Her trademark children wearing Regency Costume quickly became established. The boy is wearing a ‘skeleton suit’ which was popular from the 1790s to the 1830s and Charles Dickens describes it perfectly in Sketches by Boz. ‘An ingenious contrivance for displaying the symmetry of a boy’s figure by fastening him in a very tight jacket, with an ornamental row of buttons over each shoulder and then buttoning his trousers over it so as to give his legs the appearance of being hooked on just under the armpits.’ Dickens, born in 1812, had obviously worn one himself and loathed it. The boy’s hat, though, is an anachronistic Little Lord Fauntleroy hat, popularized by Frances Hodgson-Burnett’s 1886 book of that name, and doting Mamas instantly pressed it on their reluctant sons.
The boy in the picture looks very self-satisfied. The dog by the kennel in the background neatly hints that the boy is a ‘dog in the manger’ – he won’t be sharing the pie.
Fanny Price, age ten, in Jane Austen’s ‘Mansfield Park’ (1814). Illustrated by Hugh Thomson, 1897
Interestingly, Greenaway’s depiction of the girls’ dresses, whilst retaining a ‘Regency’ look, are actually incorrect. Girls’ skirts were calf length until the 1830s and they wore white cambric drawers underneath which reached the ankle and were visible. Hugh Thomson’s illustration of Mansfield Park in 1897 gets it right when he depicts Fanny, her white cambric drawers showing, sitting apprehensively next to her aunt. Plainly, Greenaway, at the same date, didn’t feel comfortable with the visible drawers. However, the girls’ expressions in ‘B Bit It’ are definitely disapproving of the boy’s behaviour.
Marigold Garden 1884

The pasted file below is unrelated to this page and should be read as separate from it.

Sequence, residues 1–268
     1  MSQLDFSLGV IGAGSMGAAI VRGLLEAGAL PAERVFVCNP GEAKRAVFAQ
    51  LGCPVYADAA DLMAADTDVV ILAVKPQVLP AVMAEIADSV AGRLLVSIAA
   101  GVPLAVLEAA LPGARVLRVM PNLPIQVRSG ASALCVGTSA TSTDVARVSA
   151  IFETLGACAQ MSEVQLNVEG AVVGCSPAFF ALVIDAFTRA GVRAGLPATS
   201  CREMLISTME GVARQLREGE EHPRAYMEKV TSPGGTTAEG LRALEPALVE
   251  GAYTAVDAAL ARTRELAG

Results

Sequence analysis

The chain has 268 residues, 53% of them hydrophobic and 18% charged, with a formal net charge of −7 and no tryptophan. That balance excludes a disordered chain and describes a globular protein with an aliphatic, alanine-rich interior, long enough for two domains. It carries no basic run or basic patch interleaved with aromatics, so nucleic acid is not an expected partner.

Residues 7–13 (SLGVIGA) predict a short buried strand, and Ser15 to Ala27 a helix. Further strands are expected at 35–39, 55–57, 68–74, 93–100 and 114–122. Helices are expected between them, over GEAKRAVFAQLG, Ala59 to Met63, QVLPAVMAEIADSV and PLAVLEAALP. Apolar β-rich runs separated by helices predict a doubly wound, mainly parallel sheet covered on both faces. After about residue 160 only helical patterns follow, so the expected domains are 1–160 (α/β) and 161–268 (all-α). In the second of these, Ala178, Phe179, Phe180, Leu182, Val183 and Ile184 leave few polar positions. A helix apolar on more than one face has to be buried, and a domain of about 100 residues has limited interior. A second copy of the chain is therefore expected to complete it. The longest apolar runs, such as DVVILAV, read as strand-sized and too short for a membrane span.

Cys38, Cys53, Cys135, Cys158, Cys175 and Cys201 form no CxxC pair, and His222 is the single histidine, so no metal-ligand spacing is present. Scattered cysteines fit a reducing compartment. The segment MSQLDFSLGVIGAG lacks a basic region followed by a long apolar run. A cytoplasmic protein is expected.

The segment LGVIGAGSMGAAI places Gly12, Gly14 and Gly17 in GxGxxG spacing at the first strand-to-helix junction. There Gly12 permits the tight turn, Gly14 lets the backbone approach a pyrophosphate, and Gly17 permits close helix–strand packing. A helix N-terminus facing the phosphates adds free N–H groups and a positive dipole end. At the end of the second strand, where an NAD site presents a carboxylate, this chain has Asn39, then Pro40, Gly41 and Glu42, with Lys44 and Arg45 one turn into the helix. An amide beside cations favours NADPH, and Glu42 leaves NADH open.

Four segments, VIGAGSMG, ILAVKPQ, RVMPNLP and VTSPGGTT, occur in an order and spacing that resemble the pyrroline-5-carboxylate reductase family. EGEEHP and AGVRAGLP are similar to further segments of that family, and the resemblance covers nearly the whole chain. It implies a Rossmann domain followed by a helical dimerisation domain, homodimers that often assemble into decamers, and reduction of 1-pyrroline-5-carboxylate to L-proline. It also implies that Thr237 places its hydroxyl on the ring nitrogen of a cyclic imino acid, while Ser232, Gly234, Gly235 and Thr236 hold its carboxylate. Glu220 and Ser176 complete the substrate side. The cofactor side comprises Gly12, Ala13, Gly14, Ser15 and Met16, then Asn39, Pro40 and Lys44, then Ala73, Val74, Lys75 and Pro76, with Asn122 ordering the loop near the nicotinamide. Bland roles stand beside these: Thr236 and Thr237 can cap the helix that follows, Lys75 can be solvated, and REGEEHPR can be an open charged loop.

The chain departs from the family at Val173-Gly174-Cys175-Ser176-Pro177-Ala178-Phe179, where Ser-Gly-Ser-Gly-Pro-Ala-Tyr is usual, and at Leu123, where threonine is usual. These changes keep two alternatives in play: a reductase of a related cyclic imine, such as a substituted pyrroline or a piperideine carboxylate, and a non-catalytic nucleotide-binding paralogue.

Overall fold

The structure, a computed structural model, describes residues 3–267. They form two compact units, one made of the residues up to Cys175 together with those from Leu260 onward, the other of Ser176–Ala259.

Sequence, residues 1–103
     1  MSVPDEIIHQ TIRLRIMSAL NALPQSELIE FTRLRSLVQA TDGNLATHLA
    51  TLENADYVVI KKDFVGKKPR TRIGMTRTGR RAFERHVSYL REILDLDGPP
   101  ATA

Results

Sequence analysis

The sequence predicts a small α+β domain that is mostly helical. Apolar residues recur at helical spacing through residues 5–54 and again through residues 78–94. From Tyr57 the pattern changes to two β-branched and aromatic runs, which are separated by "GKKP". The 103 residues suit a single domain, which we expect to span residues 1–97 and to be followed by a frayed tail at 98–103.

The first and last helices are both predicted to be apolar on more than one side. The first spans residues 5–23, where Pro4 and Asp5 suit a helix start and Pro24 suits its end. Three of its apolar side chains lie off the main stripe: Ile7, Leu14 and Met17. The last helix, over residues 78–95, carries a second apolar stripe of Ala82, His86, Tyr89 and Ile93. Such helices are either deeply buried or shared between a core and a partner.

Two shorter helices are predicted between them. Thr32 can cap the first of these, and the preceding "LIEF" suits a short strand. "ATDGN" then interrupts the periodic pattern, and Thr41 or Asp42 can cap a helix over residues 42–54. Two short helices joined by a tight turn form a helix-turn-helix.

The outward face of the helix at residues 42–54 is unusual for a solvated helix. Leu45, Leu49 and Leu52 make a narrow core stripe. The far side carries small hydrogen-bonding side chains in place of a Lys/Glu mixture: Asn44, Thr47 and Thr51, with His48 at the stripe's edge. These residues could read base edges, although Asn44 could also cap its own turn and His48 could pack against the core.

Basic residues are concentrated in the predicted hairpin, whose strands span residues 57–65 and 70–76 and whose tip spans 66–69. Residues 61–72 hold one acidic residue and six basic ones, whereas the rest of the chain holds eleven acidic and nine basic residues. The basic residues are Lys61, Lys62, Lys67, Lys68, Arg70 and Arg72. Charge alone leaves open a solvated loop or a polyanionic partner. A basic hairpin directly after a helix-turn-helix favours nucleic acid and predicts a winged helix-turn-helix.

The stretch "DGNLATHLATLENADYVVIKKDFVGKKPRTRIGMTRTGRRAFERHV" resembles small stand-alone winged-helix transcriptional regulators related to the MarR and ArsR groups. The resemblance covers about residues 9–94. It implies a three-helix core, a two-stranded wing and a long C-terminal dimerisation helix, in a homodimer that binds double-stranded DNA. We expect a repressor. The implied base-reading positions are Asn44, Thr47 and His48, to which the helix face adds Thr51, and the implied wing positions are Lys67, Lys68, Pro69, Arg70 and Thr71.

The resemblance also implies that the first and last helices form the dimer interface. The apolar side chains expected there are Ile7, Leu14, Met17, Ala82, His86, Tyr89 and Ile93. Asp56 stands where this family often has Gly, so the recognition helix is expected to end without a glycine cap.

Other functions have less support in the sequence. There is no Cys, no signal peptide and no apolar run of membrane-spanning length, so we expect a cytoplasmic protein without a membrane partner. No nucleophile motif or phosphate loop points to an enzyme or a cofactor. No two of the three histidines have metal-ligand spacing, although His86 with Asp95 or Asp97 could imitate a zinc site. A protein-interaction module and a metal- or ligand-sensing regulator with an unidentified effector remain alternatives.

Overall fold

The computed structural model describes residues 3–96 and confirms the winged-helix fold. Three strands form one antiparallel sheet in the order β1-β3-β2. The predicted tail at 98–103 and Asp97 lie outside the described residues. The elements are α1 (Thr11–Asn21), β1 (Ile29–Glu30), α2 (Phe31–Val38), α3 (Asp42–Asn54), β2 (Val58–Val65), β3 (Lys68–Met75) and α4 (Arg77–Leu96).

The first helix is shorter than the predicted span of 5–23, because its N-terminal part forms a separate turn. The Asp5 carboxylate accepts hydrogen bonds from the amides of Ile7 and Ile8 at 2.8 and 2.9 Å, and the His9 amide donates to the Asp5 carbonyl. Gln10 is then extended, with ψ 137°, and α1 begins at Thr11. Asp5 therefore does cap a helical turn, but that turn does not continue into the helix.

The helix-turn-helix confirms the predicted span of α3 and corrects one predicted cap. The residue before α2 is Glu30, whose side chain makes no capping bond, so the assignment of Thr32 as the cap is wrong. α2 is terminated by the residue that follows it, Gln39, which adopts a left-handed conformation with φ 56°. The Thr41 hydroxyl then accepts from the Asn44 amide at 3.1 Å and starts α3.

Could there be two Kate Greenaways; one of them fearful of allowing girls to be proactive, and the other fighting against that? Take Greenaway’s book Marigold Garden which she illustrated, and for which she wrote the poems. The poems, it must be said, are dreadful.
To Mystery Land
The ‘To Mystery Land’ poem is extremely interesting from a psychoanalytic point of view.
‘Oh dear, how will it end? / Peggy and Susie how naughty you are. / You little know where you are, /Going so far, and so high, /Nearly up to the sky. / Perhaps there’s a Giant who lives there, / And perhaps it’s a lovely Princess. /But you very well know/ You’ve no business to go;/ You’ll get yourselves into a mess.’
The second verse echoes the sentiments of the first. What could the girls, who look like teenagers to me, possibly be interested in? The second verse tells them, ‘That it’s naughty to pry / Into other’s affairs -’ Obviously, the narrator herself knows exactly what’s up the ladder: the ‘You little know where you are’ indicates that the narrator knows something which the girls don’t. Her exhortations are almost incoherent with panic.
But, and this is the interesting point, the two girls are taking absolutely no notice. They are both determined to climb that ladder, come what may, and, somehow, Greenaway’s painting shows that. Peggy and Susie are obviously quite high up already, and they have no intention of coming down.
The Language of Flowers, 1884, by Kate Greenaway